The History of South African Brandy October 30, 2023
Blue distillate - and how to correct it June 06, 2023
Is it worthwhile to Distill Bio-Ethanol as Fuel?
First published on Distillique's website in 2015 by GM Bosman
Since then, the principles stayed the same but the current price of diesel/petrol is in the region of R20/litre. Perhaps we should update the article with recent figures.
In 2015 we received a question from one of our customers who wanted to start distilling bio-ethanol on his farm to run his farm vehicles. Is it worthwhile?
Is it worthwhile to distil ethanol for fuel purposes?
This question requires two answers:
1. Does it makes sense from an energy or technical point of view? and;
2. Does it make sense from a financial point of view?
In this article we will have a quick look at both of these answers.
First we can look at the feasibility from an energy or technical point of view:
We will make a few assumptions (such as that the reflux column still is 100% insulated and does not loose heat through the column) to simplify the calculations a bit, and so as not to over-complicate the calculations and in the process distract us from the basic principles:
Beer normally contains 4-6% alcohol (by volume), wine might contain up to 16% alcohol and some sugar washes might contain up to 20% alcohol.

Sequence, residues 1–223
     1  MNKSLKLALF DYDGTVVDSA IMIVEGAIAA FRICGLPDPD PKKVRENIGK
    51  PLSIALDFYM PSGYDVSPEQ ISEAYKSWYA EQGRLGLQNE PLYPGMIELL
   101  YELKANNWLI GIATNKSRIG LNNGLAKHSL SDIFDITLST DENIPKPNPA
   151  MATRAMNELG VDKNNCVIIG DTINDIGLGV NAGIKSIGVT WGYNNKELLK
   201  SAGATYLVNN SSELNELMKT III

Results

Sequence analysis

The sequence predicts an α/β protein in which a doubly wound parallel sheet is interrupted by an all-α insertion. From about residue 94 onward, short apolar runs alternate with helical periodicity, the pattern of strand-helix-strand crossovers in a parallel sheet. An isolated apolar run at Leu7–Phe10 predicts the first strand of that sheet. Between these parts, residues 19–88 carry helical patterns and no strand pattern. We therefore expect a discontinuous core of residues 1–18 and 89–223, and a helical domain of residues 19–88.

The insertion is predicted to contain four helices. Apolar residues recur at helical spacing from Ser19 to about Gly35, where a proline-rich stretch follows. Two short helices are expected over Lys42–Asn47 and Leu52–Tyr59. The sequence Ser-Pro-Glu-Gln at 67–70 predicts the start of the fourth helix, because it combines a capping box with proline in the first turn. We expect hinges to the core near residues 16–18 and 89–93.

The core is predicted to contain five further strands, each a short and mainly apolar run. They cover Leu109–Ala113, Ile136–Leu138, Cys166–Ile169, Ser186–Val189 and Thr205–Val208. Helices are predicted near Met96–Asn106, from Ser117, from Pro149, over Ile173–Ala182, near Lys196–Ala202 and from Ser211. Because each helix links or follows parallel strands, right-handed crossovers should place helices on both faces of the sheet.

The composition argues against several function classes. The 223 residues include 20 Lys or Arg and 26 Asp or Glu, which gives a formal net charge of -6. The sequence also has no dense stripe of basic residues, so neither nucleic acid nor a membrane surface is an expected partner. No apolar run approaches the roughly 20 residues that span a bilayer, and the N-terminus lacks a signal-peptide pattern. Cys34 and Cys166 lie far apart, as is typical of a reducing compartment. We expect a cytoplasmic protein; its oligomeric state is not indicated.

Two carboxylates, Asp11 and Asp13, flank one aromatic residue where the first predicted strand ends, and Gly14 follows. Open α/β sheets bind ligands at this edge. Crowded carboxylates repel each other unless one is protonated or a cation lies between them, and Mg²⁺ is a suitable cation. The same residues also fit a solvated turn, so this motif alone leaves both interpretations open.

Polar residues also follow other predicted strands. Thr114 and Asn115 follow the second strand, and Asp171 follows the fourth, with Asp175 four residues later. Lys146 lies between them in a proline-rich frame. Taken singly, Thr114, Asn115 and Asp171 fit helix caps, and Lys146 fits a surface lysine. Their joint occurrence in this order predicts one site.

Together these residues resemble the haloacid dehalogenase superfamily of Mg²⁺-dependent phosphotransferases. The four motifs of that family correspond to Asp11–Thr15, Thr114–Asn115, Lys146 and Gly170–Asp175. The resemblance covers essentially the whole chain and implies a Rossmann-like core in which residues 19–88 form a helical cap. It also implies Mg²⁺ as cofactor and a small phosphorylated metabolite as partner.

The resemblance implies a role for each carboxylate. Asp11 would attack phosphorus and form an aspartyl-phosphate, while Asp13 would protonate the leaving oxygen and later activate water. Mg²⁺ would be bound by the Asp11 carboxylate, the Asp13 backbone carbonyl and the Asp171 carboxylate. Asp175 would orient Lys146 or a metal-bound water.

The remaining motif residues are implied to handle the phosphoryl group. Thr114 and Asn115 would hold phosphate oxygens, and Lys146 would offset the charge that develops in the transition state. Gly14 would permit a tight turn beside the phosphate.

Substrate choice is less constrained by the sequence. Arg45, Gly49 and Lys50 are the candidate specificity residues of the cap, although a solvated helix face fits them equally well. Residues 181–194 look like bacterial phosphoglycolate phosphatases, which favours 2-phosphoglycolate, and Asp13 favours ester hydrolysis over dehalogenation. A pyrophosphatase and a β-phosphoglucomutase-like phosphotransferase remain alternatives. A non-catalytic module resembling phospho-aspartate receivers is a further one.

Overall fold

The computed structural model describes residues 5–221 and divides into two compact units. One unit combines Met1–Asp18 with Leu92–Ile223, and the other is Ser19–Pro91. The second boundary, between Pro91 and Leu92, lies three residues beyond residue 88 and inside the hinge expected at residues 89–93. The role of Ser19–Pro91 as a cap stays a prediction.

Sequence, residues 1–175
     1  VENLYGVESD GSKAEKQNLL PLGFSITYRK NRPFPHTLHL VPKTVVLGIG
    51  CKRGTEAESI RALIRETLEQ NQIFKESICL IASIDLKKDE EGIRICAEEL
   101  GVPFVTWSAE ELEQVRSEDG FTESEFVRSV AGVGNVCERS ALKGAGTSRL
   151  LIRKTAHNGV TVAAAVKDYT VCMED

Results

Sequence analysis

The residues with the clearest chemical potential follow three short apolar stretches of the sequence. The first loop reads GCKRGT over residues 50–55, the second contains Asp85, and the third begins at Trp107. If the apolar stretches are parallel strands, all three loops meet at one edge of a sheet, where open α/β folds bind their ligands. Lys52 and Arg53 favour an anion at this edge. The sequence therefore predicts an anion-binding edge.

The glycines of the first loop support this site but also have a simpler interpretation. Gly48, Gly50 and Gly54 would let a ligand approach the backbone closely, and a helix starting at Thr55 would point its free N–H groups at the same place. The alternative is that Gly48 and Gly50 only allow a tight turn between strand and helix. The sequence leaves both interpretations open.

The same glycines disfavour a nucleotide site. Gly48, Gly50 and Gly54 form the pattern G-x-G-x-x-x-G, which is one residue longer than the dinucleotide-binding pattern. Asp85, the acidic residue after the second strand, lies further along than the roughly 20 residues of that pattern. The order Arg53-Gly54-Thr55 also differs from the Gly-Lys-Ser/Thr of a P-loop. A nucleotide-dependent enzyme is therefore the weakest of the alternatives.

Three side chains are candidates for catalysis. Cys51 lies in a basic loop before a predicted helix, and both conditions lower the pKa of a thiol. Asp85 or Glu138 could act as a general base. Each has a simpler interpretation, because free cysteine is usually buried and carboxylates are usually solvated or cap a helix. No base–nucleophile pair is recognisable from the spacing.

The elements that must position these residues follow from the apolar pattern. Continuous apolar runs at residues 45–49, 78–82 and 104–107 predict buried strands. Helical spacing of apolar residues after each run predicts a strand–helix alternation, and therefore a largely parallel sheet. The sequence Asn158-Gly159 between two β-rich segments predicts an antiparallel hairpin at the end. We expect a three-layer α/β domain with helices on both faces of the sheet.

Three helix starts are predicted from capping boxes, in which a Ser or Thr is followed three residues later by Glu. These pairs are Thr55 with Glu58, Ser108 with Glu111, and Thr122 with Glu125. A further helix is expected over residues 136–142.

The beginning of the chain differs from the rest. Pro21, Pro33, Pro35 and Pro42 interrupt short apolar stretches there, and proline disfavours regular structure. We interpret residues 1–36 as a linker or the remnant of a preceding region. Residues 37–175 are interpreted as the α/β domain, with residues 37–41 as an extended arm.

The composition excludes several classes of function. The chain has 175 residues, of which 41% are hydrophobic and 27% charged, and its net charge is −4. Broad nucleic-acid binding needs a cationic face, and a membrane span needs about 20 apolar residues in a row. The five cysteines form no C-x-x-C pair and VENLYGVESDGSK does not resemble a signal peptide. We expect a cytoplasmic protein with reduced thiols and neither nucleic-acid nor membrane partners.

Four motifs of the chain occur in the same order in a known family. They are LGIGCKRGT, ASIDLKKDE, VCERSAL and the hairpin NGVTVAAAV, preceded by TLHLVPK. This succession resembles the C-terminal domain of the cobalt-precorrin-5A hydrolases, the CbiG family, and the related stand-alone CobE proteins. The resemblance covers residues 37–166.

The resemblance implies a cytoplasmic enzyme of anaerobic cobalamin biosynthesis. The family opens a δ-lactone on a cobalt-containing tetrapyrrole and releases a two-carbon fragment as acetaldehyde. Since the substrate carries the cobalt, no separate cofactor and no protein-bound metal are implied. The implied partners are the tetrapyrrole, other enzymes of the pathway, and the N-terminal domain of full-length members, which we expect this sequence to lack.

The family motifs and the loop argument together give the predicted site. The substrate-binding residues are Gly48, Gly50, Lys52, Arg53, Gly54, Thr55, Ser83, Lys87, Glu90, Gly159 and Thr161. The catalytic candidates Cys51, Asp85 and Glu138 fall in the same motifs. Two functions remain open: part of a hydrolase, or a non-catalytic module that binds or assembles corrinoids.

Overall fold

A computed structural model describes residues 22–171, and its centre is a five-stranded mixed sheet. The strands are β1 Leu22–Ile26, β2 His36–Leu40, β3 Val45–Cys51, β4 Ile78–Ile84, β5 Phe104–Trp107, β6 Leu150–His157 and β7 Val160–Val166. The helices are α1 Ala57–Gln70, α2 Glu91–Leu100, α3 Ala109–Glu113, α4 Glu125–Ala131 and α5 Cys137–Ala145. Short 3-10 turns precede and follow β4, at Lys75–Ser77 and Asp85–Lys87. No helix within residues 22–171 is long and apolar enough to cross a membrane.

The energy required to bring say, a 4% beer to the boil requires a heat (or energy source) to do two things:
1. Bring the beer to the boiling temperature:
Depending on your altitude, and the lowering of the boiling point of pure water due to the alcohol content, we can make an assumption that your beer will boil at about 95 Degree C.
If we start with beer at a temperature of say, 20 Degree C, it means that we have to increase the temperature of the beer about 75 Degree C (95 minus 20)
Water has a specific heat capacity of 4.2 kiloJoule per kilogram per Degree Kelvin, or 4.2 kJ/Liter/Degree C
Lets assume a beer volume of 100 Liters.
This means that we have to use 4.2 x 100 x 75 = 31500 kJ or 31.5 MJ of energy to bring the beer to a boiling temperature.
2. Once at the boiling temperature, additional heat is required to evaporate (boil) the beer
To evaporate beer (that is already at the boiling temperature) additional heat is required (the latent heat of vaporization) and this is 336 kJ/kg for water. (which we will use to simplify calculations a bit)
That means that we have to add another 33600 kJ or 33.6MJ of heat (337 x 100) to vaporize/boil the beer.
If we add these two heat/energy requirements, we get a total energy requirement of 65.1MJ to bring 100 liters of beer to the boil and to evaporate it.
Now look at the energy of the distillate that we can "produce":
From 100 liters of beer with an alcohol content of say 4% abv, we can distill a maximum of about 4 liters of azeotrope (96.4%) alcohol